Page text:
Saturday, February 24, 2007

Housing and homeless in Vancouver, and 2010

I live in Vancouver, BC, where the gap between the very rich and the extreme poor is all to apparent. In the same day that I see droves of people drive to work in their fifty thousand dollar SUVs, I see more droves of people barely surviving in the Donwtown Eastside. One thing that really gets me as much as anything is the relentless ignorance of those who would believe that the extreme poor are in that state by choice, leave them to their own devices, and demand that they just "get a job." Well, it's not as simple as that.

Choices are very important in life, but they don’t exist in a vacuum. They are constrained by the social, economic, environmental, societal, and biological context within which one exists. If you have a mental illness, you have the inability to make rational choices from the start. The cards are stacked against you. Alot of the mentally ill on the streets are there because of the de-institutionalization by the Socred government in the 80s. if you come from a poor background, you have the cards stacked against you. If you have a disability, you have the cards stacked against you. If you come from an abusive background, you have the cards stacked against you. If you are an aboriginal, you have the cards stacked against you.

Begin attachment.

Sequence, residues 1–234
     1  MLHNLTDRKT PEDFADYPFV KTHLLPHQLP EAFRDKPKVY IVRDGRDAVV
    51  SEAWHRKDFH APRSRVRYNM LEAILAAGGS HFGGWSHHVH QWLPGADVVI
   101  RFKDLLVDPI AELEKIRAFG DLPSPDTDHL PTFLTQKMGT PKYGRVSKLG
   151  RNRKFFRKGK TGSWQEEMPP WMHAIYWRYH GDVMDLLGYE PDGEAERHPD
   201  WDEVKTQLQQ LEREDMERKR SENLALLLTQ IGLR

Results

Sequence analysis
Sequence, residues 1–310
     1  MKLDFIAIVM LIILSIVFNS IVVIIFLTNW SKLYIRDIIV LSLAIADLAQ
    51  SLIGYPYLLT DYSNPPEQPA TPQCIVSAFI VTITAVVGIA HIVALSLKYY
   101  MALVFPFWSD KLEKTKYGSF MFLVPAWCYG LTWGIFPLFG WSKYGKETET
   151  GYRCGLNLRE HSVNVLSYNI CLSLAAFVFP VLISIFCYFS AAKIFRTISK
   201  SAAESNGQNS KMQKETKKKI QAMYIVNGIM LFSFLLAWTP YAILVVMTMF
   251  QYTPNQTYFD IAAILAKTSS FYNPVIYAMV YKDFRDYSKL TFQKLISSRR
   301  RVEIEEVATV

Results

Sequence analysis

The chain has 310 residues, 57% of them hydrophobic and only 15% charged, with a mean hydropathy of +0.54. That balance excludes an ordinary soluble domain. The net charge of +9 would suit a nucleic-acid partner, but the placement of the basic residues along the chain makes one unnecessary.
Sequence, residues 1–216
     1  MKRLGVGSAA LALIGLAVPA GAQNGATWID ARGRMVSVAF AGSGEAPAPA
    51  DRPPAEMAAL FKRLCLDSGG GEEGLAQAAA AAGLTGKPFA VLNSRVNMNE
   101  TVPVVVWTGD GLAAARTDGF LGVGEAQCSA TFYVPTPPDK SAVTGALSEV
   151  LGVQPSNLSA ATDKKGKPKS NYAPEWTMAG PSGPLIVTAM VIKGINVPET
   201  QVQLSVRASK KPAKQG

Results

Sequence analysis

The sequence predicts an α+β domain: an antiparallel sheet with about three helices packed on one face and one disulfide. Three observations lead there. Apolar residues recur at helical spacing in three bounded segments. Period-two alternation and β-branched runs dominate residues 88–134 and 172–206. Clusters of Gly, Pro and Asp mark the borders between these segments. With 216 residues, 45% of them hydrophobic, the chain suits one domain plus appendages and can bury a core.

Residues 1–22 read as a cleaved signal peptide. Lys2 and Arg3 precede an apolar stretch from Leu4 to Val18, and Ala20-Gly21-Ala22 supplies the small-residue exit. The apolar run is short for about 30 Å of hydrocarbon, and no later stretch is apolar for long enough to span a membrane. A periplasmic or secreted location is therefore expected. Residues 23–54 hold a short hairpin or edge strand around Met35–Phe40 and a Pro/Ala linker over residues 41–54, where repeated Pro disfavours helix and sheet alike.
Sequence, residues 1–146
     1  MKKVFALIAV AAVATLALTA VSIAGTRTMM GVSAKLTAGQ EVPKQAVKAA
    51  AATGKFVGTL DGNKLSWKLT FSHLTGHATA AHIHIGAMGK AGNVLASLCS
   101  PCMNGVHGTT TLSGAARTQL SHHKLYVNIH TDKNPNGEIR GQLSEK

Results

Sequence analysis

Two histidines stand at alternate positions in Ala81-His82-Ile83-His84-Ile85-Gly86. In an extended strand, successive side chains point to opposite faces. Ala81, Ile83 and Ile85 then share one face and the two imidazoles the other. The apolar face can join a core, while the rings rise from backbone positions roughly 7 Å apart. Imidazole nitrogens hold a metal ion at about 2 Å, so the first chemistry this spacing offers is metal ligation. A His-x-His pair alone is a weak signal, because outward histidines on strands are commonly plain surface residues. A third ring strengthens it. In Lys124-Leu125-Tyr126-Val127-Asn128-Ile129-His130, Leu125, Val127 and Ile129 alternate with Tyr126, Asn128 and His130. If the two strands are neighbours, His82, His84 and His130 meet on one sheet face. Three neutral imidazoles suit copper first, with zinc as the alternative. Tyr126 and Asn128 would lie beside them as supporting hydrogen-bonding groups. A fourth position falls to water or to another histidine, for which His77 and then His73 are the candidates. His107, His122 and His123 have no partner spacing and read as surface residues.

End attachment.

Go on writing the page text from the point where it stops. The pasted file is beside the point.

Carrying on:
And, if you live in a society that doe not look after the weakest of the citizens, as we do, and you are already homeless, you virtually don’t have a chance. It is a trap that is extremely, extremely difficult to escape. How are they going to do that? They don’t have a place to sleep, a place to shower or change, let along anything to change into. All they probably have are the smelly, torn clothes on their back. Their nutritional intake is extremely poor. And that’s assuming that they’re even capable of working, as opposed to having a mental illness or some undiagnosed physical disability?

Recent events are a symptom of this continual ignorance. First is the government money spent on a countdown clock for the 2010 Winter Olympics, money that could easily have been spent instead on helping the homeless. Second is this past week's provincial government budget, proudly promoted by Carole Taylor as the housing budget. There were shelter beds for the homeless promised, but not nearly enough, and decent affordable housing rather than shelter beds would have been much better.

With the 2010 Olympics coming, the well-known prediction from the Pivot Legal Society that homelessness may triple between now and 2010, and the lack of sufficient response from all levels of government to the issue of housing and homelessness, I am very concerned about what the future is going to hold for the homeless. Are the fears that the Downtown Eastside will be gentrified and the extreme poor pushed even further into the margins of society actually likely to materialize?

At this point, my temptation is to say that this is a crossroads for our city and we have to decide which path we will take: continued self-absorbtion and ignorance, or a new enlightenment recognizing social as well as personal responsibility.

However, society doesn't change that much in three years, so I will put it this way: Our governments can go one of two ways on this problem. Either way, the end result must be that visitors to our fine city in 2010 to not perceive a homelessness problem. The tact that I'm afraid will materialize is to push the homeless even further into the margins of society; this will backfire, as crime will increase. The better long-term approach is to show visitors that we are a conscientious, inclusive society, and feed, house, and clothe our homeless citizens.